Othello Review Shakespeare's Globe 2007
Jumping to conclusions may not always be the best policy - particularly if you're a hot-blooded male with a military bent, and a disposition inclined to making snap decisions (Prince Harry, take heed). Perhaps that's what Shakespeare was trying to tell us with this story of love and hate, reworked here by a capable and well-directed company at Shakespeare's Globe. Or maybe Shakespeare was revealing more about trust, or delving into the comparative natures of men and women. Whatever the case, here's a play with an astonishing plot that successfully manages to rapidly turn passionate love into murderous hate, thanks to the manipulations of a schemer par excellence.
First performed in 1604, the tragedy of Othello is an odd kind of tale because the central character, a black general and leader of the Venetian military forces, seems all too easily duped by his sidekick Iago. It stretches credibility a smidgen when someone of importance, like Othello, believes Iago's 'your wife's been messing about with some other geezer' messages as though they were truth spoken from the mouth of God Almighty. But, to appreciate Othello's reactions and the success Iago has in manipulating events, you have to take note of the early part of the play when it transpires that Othello and his beloved Desdemona have married in secret without her father's knowledge. The implication is that, as Iago unhesitatingly points out to Othello, if she can dupe her father she can dupe Othello too. However, that doesn't diminish Iago's amazing powers of deception, even if he is helped along the way with a measure of good fortune.
Eamonn Walker has the necessary physical presence to convince us that he's a first-rate general and worthy of leading the Venetian forces - I don't think I'd want to tangle (militarily speaking) with someone of his unquestionably large stature. There's raging passion and anger in Walker's performance which counteracts to some extent my disquiet about the role. He tackles the epileptic fit with suitable writhing agony, and the strangulation scene in the bedroom, which can often seem fake or engineered, was impulsive and yet authentically controlled. However, I found myself straining to hear Walker at all too-frequent intervals - a little more clarity and volume in the diction department wouldn't have gone amiss given the Globe's cavernous space, and the Heathrow flight path.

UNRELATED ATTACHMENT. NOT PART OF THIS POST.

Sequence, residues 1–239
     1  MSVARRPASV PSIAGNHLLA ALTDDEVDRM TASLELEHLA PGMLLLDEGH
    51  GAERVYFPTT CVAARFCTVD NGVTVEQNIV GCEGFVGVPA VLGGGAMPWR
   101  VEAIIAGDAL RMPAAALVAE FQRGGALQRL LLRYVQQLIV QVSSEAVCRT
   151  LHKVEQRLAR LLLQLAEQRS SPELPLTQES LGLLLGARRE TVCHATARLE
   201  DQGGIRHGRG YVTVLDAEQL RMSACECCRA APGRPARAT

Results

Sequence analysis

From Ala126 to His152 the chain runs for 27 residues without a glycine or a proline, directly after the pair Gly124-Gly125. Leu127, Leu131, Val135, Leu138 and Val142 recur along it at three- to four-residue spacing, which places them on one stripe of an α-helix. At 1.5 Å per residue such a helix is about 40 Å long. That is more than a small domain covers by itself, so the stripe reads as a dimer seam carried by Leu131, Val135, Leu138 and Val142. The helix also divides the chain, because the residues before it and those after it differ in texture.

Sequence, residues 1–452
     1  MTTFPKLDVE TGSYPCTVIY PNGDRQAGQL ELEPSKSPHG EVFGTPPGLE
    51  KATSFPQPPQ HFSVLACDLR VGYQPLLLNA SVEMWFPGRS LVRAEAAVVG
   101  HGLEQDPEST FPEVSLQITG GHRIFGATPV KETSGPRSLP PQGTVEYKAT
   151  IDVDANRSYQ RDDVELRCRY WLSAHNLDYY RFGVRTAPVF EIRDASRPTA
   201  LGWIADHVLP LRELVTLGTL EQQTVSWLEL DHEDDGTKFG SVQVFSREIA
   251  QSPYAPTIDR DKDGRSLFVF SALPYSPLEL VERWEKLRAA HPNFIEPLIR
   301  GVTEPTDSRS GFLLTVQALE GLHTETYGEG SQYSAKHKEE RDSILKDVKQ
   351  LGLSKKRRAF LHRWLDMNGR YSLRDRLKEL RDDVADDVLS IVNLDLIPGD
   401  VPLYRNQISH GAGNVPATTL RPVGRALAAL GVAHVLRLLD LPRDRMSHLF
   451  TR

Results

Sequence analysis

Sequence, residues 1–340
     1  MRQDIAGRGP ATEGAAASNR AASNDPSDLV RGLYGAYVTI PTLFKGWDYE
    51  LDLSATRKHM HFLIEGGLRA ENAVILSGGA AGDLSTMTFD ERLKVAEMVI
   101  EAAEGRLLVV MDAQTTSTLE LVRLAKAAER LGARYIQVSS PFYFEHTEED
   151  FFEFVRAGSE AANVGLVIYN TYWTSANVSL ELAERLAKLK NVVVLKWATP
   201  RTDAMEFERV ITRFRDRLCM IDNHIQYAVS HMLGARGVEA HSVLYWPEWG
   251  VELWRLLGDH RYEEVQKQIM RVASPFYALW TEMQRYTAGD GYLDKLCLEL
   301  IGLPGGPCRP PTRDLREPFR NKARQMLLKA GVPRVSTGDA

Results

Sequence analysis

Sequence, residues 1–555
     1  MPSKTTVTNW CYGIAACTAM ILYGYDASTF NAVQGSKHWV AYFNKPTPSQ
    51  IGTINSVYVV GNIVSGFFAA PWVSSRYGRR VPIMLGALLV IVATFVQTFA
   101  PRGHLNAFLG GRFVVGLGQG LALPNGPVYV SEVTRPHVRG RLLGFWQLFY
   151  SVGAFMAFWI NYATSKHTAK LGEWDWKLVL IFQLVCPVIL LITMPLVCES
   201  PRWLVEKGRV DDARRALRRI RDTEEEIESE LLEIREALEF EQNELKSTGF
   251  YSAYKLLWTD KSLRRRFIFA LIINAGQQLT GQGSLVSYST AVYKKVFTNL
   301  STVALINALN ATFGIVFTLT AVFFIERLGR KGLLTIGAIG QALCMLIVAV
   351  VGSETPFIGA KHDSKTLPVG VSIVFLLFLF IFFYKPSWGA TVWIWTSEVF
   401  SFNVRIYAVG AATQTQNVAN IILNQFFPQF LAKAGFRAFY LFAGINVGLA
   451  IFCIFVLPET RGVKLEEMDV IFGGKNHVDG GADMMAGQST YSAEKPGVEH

Best known perhaps for his long-running appearances in the hit TV show 'Black Adder', Tim McInnnerny presents a more swashbuckling Iago than the customary definition of a scheming, political conniver that we're often treated to in other productions. McInnerny is a professional soldier first and foremost - no trace of a political bureaucrat here. He forcibly captures our attention, particularly in the soliloquies, but some of his gestures were rather repetitive, even for a well-disciplined, solidering type.
Though the males in this company don't disappoint, it's the women in the cast who shine. Zoë Tapper's Desdemona is a capable and beautiful woman, bemused then finally distraught at her husband's surprising vault-face. And as Desdemona's lady-in-waiting and Iago's wife Aemilia, Lorraine Burroughs provided a compelling display of spirited tenacity when she unhesitatingly takes on both Othello and her husband, gaining much respect even in her inevitable demise. Academics have assessed the 'real time' in this play as being something of the order of 33 hours - a rather short time to consumate a marriage and then bump off your bride, you might think. And it feels like we're almost sitting through each of those hours as the running time heads towards the 3 and a half hours mark as the company deliver the 3,500 lines of the play (just falling short of the longest, Hamlet, by the odd 500 words or so). Don't get me wrong, no-one drags their feet in this production or deliberately tries to spin it out, but splendid though the Globe is in almost every way, you really do need a cushion to make this marathon physically endurable given the austerity of the Globe's benches.
Though this version of Othello doesn't scream novelty, or provide much in the way of new insights, it continues the development of serious and polished Shakespearian work at the Globe since Dominic Dromgoole took over as artistic director there last year. Hopefully though, the best is yet to come.
What the popular press had to say.....
FIONA MOUNTFORD for THE EVENING STANDARD says, "Scrupulously authentic; definitively jarring." PAUL TAYLOR for THE INDEPENDENT says, "The production is lucid and forthright...A decent, if not revelatory Othello." MICHAEL BILLINGTON for THE GUARDIAN says, "A decent, middle-rank production full of pace and energy."
Production photo by Johan Persson
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